The spread of misinformation has influenced elections in Australia and the United States, but in India, rumours and hoaxes have led to more serious crimes including mob violence and murder.
A spate of violent incidents associated with online hate speech in his home country over the last decade prompted Siddharth Narrain to dig deeper into what happens when hate speech goes viral. Narrain, a PhD candidate at UNSW Law, is investigating the relationship between hate speech and mob violence in India and how governments, civil societies and platforms are responding.
His interest in the topic dates back to the late 2000s when he worked as a lawyer for a human rights organisation in Bangalore. The organisation was involved in a campaign against the country’s sedition laws after the arrest of a prominent human rights activist and doctor in the state of Chhattisgarh. Narrain started documenting the history of sedition laws, which led him to researching hate speech laws and how they were misused to target dissent and creative expression in India.
While working at the Sarai Programme at the Centre for the Study of Developing Societies, Delhi, in 2015, he began looking at incidents of inter-group violence in India that were linked to the circulation of online speech in media reports. His research focused on inter-group violence in the Western Indian city of Pune in 2014, and the role of social media, as well as how local police and civil society responded. Narrain has now carried this research over into his first year in a PhD program at UNSW Law.
Narrain, who holds law degrees from Harvard Law School and the National Law School of India University, said a major draw to UNSW was the strong faculty reputation and its interdisciplinary legal studies in law and social sciences and law and humanities.
“A lot is happening in Australian academia around many of these contemporary, cutting-edge issues that I want to plug into,” said Narrain, who has a UNSW Scientia PhD Scholarship. “I realised there is a very exciting and vibrant academic culture at UNSW that will benefit me.”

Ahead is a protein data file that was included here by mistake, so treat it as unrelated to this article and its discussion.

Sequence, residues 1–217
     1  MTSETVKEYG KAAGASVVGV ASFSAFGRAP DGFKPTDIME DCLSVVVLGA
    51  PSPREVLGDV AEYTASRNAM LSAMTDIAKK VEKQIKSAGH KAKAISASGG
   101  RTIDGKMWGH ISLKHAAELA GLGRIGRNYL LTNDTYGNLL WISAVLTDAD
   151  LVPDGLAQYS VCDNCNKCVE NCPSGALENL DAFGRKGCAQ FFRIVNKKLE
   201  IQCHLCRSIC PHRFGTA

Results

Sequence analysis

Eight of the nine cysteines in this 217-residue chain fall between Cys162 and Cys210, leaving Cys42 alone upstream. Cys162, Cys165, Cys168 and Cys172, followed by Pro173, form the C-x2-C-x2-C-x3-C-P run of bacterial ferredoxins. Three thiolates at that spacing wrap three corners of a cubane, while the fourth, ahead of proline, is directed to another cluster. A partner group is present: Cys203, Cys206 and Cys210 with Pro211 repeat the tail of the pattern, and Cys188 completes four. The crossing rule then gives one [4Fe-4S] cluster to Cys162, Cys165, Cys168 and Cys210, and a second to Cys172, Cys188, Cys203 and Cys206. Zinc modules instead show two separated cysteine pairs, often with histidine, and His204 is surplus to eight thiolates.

“My focus is on the different kinds of legal and regulatory mechanisms used to respond to this issue and the complexities that arise,” said Narrain. “For instance, as the technology gets more complex, a number of legal issues surface and enter the debate. My research will attempt to address crucial questions around freedom of speech, public order and mob violence – and the role of platforms such as Facebook and WhatsApp – and add to our understanding of these emerging contemporary questions.”
In his research, Narrain is investigating a series of incidents that have occurred since 2012 where online hate speech has been linked to violence or people fleeing in panic over threatening messages. He said most of the incidents involve targeting certain groups based on ethnicity, religion or caste. The method of dissemination is also central to Narrain’s research.
“[One argument] states that when it comes to regulatory hate speech, one must move beyond the discussion of what constitutes hate speech and what doesn’t. You need to move into how that speech gets disseminated – what are some of the bureaucratic measures and technologies of media that enable such transmission? My research is trying to move the debate into that realm.”
In the most recent spate of attacks in India between May 2017 and July 2018, 27 people were killed at the hands of angry mobs incited by viral rumours of kidnapping and child abduction spread via the messaging app WhatsApp. The wave of murders compelled the Indian government to ask Facebook, the owner of the app, to crack down on the viral spread of rumours and misinformation that fuelled the attacks. While the mob killings weren’t a new phenomenon in India, the rumours and misinformation were spreading farther and faster than ever before.
In response, WhatsApp changed its policy across the globe around the forwarding of messages. The new rules clearly identify when a message is forwarded, and the number of forwarded messages has been limited. Users are now restricted to forwarding a message only five times. Before that, users could forward a message to up to 256 people.
“One of the things I am looking at is how community guidelines around hate speech work and how we begin to look at these as broader legal regulations,” said Narrain. “We aren’t just relying on legislation by parliament, but also all of the measures the platforms have taken. We can look at them as legal and regulatory measures.”
Narrain’s fieldwork next year will includes interviews with journalists, representatives from social media platforms, police officers who worked on cases, lawyers and technology experts. He will also scour news coverage, case files and other archival material linked to legal developments.